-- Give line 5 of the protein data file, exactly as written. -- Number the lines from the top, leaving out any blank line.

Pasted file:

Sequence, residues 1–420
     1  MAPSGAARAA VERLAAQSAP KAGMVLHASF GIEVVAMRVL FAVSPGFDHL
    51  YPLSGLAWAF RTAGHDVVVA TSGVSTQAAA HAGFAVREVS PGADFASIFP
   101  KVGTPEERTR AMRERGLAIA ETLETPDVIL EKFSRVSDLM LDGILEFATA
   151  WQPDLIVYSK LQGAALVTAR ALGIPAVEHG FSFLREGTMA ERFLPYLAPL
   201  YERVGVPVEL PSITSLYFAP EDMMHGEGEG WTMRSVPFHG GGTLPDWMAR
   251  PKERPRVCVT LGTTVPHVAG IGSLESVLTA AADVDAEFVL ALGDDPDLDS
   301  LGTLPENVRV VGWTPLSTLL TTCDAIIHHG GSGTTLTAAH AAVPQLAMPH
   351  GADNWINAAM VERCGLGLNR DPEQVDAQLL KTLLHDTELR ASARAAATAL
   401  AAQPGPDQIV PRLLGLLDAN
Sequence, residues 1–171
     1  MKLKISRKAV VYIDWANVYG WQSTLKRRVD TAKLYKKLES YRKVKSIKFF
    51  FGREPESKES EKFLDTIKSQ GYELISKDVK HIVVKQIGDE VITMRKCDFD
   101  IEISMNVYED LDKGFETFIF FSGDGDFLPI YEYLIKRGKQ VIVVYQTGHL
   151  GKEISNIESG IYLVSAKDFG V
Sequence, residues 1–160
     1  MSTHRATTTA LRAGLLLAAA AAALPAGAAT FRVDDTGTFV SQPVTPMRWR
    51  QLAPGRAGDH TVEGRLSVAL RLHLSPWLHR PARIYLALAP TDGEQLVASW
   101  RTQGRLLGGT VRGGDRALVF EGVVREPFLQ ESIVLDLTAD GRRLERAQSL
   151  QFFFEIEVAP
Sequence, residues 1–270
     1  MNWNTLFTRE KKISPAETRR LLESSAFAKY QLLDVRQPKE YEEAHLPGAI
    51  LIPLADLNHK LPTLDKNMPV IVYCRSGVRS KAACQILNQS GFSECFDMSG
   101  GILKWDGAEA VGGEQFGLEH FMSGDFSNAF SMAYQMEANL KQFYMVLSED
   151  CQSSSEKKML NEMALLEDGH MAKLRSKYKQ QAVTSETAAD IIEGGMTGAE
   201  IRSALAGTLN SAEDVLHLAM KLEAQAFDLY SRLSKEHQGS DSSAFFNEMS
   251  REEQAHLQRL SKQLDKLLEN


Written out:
   151  WQPDLIVYSK LQGAALVTAR ALGIPAVEHG FSFLREGTMA ERFLPYLAPL